Miller didn't really ask, but thankfully the incredible value of metadata has been explained before. On its own, it can reveal a lot about a person's personal life, and combined with the billions of social interactions the NSA collects every day, can paint a pretty clear portrait of who a person interacts with and what their interests are. But Alexander played metadata off like it's essentially worthless, an argument Miller was too ready to accept.

    What do privacy advocates say about the NSA?

    It's pretty clear that 60 Minutes traded access to the NSA's facilities for a puff piece on what it does, much as it did with Amazon's drone announcement last week. But as much as the Amazon segment reeked of straight-up PR, doing a soft segment is far worse when it concerns the most important politics story of the year. Not only did 60 Minutes manage to avoid interviewing a single outside source in the segment, Miller never once mentions the series of lawsuits from big-time advocacy groups that have been levied against the NSA. Ignoring those makes it even harder for viewers to understand that the NSA is even doing anything controversial, which is a fundamental failure of the piece.

    Why did Snowden have such incredible access?

    In the piece, Snowden's trove of some 1.7 million documents is mentioned as having severe national security ramifications, especially with regards to the NSA's capabilites and interests in sensitive countries, like China or Iran. That's not a particularly surprising claim, but how did one man get such access? 

    The 60 Minutes segment doesn't fully address that point. According to Rick Ledgett, the man doing damage assessment on the leaks, "the people who control that, the access to those machines, are called system administrators and they have passwords that give them the ability to go around those--security measures and that's what Snowden did." 

    The segment also tries to paint Snowden as a weirdo, such as this curious exchange:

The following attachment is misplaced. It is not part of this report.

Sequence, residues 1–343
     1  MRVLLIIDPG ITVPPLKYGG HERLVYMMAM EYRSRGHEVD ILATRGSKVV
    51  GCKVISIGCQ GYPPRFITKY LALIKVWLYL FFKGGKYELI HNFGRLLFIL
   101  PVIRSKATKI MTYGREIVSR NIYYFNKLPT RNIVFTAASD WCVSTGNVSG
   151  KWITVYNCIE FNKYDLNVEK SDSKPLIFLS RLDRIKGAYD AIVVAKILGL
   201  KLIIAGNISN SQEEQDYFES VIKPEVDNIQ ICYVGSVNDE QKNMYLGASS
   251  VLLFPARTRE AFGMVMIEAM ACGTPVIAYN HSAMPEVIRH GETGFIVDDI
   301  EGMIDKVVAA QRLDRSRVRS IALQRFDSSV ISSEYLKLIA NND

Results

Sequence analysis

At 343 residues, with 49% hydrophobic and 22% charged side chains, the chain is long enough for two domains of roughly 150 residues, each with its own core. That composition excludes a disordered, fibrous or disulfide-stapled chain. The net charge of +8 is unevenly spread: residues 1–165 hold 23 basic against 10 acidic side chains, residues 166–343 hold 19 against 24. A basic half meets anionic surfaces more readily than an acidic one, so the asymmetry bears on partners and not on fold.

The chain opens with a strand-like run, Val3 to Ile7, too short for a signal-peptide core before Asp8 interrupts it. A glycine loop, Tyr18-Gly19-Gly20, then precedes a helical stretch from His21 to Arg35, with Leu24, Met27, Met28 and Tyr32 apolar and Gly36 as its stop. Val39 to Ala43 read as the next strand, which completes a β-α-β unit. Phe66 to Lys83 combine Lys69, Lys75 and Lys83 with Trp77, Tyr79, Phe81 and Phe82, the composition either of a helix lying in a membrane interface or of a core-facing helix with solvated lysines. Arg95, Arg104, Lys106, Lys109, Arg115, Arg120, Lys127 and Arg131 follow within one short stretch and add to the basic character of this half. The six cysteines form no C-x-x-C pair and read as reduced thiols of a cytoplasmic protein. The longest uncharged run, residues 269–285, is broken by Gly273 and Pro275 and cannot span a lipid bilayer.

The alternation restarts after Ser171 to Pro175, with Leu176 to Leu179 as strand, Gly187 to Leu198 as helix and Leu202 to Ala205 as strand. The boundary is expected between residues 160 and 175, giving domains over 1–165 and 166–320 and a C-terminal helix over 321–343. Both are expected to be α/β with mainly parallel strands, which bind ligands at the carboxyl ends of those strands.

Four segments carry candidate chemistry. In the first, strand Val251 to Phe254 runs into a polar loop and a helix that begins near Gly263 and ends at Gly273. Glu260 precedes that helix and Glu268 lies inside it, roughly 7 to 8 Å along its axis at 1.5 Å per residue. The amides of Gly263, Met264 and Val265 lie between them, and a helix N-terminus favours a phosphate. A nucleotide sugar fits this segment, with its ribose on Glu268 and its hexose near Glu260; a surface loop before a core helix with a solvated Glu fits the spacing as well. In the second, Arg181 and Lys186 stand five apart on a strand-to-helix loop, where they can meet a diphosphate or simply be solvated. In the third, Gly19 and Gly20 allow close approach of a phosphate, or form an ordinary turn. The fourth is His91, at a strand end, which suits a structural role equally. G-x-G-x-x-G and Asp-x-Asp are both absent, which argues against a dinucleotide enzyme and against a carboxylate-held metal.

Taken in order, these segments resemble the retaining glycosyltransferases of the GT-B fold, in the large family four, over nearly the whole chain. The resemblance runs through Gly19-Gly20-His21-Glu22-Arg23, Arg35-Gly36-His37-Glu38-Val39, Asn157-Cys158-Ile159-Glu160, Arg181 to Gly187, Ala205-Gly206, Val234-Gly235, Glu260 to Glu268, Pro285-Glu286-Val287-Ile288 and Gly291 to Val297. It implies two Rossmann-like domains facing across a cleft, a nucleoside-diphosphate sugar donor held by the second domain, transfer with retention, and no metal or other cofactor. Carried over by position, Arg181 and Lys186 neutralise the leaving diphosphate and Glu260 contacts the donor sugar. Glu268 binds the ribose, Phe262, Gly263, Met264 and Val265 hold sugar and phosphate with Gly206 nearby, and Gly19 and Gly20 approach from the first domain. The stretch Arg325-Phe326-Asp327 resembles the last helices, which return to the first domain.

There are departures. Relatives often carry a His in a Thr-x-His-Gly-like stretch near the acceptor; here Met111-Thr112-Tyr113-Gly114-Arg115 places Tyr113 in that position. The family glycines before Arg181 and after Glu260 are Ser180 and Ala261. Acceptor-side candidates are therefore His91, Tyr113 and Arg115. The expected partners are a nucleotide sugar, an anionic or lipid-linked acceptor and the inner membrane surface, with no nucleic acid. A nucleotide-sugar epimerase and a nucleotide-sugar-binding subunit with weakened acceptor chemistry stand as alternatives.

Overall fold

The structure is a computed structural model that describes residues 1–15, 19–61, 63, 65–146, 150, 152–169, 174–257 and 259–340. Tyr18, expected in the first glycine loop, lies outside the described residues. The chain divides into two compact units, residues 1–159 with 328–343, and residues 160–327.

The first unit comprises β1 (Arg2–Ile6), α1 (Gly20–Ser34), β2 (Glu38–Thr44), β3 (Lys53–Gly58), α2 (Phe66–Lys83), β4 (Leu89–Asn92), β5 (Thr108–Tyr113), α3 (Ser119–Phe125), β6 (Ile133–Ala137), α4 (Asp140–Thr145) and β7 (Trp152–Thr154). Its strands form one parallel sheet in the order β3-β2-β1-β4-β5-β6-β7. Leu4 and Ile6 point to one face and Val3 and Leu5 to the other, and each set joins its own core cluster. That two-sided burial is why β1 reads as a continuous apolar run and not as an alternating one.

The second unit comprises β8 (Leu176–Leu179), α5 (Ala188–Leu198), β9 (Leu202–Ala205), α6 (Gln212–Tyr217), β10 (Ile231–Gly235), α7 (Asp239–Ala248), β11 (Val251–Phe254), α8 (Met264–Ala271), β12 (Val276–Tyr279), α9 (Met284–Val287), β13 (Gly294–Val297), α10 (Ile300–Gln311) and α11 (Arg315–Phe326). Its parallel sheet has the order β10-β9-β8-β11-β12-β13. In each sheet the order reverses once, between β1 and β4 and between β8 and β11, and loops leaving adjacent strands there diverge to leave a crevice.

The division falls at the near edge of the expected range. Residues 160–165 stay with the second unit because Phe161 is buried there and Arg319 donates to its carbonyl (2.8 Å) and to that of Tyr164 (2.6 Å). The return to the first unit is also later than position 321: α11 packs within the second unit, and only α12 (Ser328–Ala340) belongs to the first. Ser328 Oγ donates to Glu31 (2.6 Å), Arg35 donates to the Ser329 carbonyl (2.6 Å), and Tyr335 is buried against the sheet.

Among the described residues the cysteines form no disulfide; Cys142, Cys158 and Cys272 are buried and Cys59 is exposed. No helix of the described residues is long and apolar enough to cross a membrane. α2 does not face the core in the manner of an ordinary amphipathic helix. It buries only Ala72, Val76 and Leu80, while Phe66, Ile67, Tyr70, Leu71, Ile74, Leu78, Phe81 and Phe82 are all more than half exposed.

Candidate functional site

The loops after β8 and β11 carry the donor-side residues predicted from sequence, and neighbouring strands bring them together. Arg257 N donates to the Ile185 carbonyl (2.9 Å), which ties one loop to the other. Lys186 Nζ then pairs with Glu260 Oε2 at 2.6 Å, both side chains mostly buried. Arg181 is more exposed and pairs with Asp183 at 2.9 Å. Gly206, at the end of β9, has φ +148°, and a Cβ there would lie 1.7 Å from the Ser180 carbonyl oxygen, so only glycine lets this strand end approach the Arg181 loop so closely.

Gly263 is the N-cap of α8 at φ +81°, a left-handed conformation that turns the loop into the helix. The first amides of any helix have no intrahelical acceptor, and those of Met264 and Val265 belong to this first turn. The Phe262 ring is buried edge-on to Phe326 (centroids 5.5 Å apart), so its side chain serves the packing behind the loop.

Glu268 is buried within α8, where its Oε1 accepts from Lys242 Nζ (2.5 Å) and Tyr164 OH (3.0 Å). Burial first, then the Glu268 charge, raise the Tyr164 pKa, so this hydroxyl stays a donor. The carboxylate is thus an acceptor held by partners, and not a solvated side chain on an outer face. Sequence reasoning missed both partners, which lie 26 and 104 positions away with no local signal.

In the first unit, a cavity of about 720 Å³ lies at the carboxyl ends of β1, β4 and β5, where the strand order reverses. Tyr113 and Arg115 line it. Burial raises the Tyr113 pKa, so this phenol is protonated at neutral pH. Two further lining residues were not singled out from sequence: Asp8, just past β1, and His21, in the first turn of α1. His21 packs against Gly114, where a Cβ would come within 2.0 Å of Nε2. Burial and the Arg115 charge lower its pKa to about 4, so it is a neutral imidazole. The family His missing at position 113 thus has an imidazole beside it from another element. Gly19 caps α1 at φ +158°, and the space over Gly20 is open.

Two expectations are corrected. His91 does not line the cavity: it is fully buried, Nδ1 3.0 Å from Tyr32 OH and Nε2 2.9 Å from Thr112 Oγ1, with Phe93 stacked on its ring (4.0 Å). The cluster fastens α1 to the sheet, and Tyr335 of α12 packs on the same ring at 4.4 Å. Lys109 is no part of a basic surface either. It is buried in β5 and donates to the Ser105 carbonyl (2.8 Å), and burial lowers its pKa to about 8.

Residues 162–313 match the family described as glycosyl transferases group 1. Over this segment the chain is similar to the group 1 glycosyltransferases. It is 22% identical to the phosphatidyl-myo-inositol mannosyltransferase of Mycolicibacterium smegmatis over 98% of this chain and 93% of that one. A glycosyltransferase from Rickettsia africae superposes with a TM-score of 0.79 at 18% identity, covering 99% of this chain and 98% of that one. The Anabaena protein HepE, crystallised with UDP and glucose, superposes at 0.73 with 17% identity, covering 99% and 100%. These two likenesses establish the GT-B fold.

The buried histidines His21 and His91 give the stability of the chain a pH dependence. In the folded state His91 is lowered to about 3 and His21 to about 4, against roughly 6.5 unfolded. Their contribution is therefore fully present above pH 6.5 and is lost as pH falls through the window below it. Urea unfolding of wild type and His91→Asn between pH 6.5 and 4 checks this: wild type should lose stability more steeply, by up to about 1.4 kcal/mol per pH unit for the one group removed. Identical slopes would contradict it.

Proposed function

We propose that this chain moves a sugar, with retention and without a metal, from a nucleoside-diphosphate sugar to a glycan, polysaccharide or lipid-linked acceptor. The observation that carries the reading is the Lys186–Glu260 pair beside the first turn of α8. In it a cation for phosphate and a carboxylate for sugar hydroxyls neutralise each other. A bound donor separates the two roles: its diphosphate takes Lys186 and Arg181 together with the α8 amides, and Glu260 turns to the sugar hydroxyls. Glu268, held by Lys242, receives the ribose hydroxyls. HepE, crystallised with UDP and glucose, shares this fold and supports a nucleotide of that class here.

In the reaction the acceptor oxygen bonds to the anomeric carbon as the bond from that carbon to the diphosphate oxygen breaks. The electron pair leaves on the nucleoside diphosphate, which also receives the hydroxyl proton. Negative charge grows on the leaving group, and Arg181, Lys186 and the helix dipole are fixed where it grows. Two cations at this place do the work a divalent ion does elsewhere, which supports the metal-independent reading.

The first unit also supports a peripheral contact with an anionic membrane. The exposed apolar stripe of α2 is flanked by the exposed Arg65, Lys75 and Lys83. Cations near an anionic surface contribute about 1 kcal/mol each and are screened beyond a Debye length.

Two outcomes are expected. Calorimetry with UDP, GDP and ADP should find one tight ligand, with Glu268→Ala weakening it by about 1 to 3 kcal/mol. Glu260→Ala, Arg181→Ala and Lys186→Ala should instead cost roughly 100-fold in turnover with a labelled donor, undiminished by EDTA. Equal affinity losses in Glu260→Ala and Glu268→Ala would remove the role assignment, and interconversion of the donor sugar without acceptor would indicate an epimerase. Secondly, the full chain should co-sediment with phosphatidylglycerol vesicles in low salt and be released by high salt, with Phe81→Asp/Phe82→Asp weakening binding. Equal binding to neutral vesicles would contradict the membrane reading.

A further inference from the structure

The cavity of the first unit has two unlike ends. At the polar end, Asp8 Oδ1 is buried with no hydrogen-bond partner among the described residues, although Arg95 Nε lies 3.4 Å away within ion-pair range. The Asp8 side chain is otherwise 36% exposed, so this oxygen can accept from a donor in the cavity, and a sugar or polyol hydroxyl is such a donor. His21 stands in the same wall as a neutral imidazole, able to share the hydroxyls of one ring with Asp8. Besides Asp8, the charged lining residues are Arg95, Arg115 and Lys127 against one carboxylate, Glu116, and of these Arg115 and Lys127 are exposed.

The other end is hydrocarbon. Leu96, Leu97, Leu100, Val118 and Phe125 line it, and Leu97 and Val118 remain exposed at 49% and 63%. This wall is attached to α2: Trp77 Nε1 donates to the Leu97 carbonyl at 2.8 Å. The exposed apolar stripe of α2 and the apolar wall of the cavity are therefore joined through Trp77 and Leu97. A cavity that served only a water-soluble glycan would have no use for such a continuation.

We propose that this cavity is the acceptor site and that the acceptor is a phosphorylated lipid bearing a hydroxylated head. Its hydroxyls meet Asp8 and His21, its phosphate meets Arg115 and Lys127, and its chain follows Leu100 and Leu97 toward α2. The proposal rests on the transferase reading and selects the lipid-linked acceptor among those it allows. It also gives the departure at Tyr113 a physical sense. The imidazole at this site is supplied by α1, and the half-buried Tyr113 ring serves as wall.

At home, they discovered Snowden had some strange habits.

    Rick Ledgett: He would work on the computer with a hood that covered the computer screen and covered his head and shoulders, so that he could work and his girlfriend couldn't see what he was doing.

    John Miller: That's pretty strange, sitting at your computer kind of covered by a sheet over your head and the screen?

    Rick Ledgett: Agreed.

    That 60 Minutes is investigating Snowden's personality is fine—he's an important figure, after all—but makes you wonder. How does Snowden—an outside contractor who had been working with the NSA for mere months, and one who apparently acted strangely enough to comment on—get access to so many documents? Is the NSA changing procedures? The answer isn't clear.

    What is the NSA's relationship with the US tech industry?

    From the beginning of the Snowden-NSA saga, US tech companies have been implicated, knowingly or not. But whether or not the companies had any involvement, the revelation that the NSA has incredible access to US tech companies, by court order or not, has huge ramifications for the US tech sector. 

    The 60 Minutes segment notes that replacing all the computers Snowden touched cost tens of millions of dollars, but makes no mention of reports suggesting the NSA's activities will cost the US tech sector tens of billions. While Miller notes that the CEOs of eight major tech companies called for new limits on the NSA, he doesn't ask Alexander about it. Instead, Miller sets up Alexander to refute prior media reports. 

    For example, there was this exchange regarding the Post's blockbuster report about the NSA accessing Google and Yahoo data centers, which caused uproar from both companies:

    John Miller: One of the Snowden leaks involved the concept that NSA had tunneled into the foreign data centers of major U.S. Internet providers. Did the leak describe it the right way?

    Gen. Keith Alexander: No, that's not correct. We do target terrorist communications. And terrorists use communications from Google, from Yahoo, and from other service providers. So our objective is to collect those communications no matter where they are.

    But we're not going into a facility or targeting Google as an entity or Yahoo as an entity. But we will collect those communications of terrorists that flow on that network.

    And that was that. If Miller asked any follow-up questions, it never made the final cut.